Guidance on Surinder Singh
The Home Office has updated its guidance on Surinder Singh cases, with “clarifications” on the requirements of the eponymous route. As our in-depth post on this topic explains, the Surinder Singh route is a potential means for British citizens to rely on family-friendly EU free movement laws — rather than the harsh UK immigration rules — to be reunited with their family members.
The changes to the guidance include an additional clarification that a British citizen does not need to be a “qualified person” in their initial three months back in the UK to sponsor a family member in a Surinder Singh application. There are also new sections about retained rights of residence and the assessment of UK residence prior to 25 November 2016.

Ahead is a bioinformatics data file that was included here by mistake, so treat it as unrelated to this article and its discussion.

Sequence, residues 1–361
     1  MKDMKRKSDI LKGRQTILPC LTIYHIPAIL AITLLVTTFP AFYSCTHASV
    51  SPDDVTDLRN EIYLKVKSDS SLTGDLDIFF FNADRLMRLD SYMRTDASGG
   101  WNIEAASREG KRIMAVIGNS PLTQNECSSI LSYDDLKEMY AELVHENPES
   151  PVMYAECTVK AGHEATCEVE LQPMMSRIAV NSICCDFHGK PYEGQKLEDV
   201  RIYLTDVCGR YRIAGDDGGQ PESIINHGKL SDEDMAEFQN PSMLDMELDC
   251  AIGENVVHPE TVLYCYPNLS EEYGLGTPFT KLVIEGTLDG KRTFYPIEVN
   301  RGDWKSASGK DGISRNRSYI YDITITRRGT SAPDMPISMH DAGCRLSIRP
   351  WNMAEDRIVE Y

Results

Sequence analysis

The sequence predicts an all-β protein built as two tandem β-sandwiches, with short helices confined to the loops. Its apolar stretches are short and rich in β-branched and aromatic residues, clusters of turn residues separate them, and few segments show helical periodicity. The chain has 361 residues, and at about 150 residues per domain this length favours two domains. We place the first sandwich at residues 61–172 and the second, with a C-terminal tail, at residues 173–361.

How Surinder Singh works
In theory, the Surinder Singh route enables British citizens who have lived in Europe with non-European family members to return to the UK using EU free movement rules, unshackled by domestic immigration requirements.
In order to benefit, British citizens must have been “exercising treaty rights” elsewhere in the EU. As explained in our detailed piece on the Free Movement blog, the UK government has long seen this as a back door into Britain.
As we conclude, European law has been an important pressure valve for the wider immigration system, with enforceable legal alternatives for individuals and employers outside of the blustering black and white of the domestic rules.
And while the demise of Surinder Singh with our exit from the EU will no doubt be celebrated by the Daily Mail, one wonders what impact the disappearance of European law remedies will have on migrants, their families, and our collective prosperity in the future.
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